I lived in Derriheen until I was seven and so saw the comings and goings to the house. There were really no such things as appointments in those days, people came and went at will and if she was in well and good and if not they waited or came back later! Winnie’s surgery was in a room we called the Library and next door was the old surgery which had been my grandfather’s surgery.
My mother looked after the administrative side of the practice; my abiding memory of this is that when trying to get a hospital bed for a patient she had to claim that everyone was at least five years younger than they actually were! We used to go on the house calls with Winnie; she had had a succession of Volkswagen Beetles and I am not quite sure how you would describe her driving, but her car did have a most distinctive sound and really announced that she was not too far away. The cars were kept in pristine running order by Sargent's Garage. There were certain houses we visited and you knew there would be a long wait in the car. At night time we had a system whereby if a call had come in while she was out, the light in the porch would be left on and she knew to come straight to the house before continuing on to her next patient. My grandmother had planted hundreds and hundreds of daffodils in the grounds of Derriheen and in the spring there would be a constant stream of people asking permission to pick a bunch of daffodils to bring home. This was no problem at all, the same applied to the Autumn with the apples and pears in the orchard. I think lots of people of my age will remember the wonderful birthday parties we had as children in Derriheen too.
In the early sixties, Derriheen was sold to John Murphy, owner of the Bacon Factory, and so ended an era. Winnie moved into the Bank House on Cook St., which was of course much more convenient for the patients. For years delivering babies at home was the preference for most women, and even though we were young and really did not fully understand the full implications we knew that if Winnie was on a “maternity” case she would be gone for quite some time. On one such call she delivered twins in a house that was on fire.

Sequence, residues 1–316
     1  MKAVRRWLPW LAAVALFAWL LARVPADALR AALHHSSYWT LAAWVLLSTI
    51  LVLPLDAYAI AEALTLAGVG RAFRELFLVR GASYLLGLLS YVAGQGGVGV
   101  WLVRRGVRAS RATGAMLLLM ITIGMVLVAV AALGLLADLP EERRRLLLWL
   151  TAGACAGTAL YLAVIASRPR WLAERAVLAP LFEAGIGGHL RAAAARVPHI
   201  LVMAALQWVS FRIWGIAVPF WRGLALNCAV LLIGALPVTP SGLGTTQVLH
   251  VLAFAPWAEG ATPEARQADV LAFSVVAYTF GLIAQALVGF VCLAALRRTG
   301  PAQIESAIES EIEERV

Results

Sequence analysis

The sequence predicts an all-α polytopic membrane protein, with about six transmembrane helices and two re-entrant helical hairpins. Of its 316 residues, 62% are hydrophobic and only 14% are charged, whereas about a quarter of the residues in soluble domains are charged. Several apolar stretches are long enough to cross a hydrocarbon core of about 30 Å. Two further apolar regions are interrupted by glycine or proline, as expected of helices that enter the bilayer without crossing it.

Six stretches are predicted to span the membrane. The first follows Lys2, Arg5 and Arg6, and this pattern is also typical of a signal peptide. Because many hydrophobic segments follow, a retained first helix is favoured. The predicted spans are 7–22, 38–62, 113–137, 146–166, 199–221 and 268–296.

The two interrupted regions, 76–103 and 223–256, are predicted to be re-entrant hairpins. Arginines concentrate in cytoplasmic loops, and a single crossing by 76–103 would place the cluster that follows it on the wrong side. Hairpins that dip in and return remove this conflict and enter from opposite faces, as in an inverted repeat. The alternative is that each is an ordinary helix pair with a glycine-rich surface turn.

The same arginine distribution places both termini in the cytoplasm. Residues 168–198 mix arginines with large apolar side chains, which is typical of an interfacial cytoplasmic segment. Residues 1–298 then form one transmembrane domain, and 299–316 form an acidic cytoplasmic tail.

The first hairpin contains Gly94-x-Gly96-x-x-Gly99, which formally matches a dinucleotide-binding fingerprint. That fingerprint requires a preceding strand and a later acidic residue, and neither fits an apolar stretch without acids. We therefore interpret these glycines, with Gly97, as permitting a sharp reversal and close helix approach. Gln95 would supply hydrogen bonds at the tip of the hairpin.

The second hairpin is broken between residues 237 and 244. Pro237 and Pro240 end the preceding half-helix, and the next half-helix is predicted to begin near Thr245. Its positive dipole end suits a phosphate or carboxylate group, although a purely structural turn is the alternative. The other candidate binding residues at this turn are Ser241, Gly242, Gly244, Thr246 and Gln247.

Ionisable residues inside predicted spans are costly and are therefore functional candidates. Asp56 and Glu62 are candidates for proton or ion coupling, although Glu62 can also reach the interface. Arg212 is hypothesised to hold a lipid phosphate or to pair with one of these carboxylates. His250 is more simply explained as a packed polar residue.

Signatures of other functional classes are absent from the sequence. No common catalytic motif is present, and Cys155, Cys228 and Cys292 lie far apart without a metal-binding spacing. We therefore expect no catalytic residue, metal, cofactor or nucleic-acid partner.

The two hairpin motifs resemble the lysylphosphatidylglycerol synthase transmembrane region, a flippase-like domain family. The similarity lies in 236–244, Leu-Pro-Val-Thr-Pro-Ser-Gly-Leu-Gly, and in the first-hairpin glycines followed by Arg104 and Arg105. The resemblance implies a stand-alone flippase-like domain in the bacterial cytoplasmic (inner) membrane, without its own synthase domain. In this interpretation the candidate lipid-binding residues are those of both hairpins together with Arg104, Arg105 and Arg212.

Her last time to deliver a baby was in the Bank House on a Sunday evening, it would have been in the early 70s, Winnie was at evening Mass in St. Mary’s Church and my mother was minding the house. There was a frantic knocking at the door and a young man with a very worried expression on his face was outside, his wife in the car in labour. They were on route to Ardkeen but the baby decided it was time to arrive, so the next person that passed the door was despatched to the Church to get Winnie. In the meantime the lady was helped into the surgery and made as comfortable as possible. Mrs. Foley from the Railway Bar, a midwife who had delivered countless babies with Winnie, was also called, and so in due course the baby was safely delivered. I think it was a boy' mother and baby were brought by ambulance to Waterford, and about a week later the new little family called to the Bank House on their way home.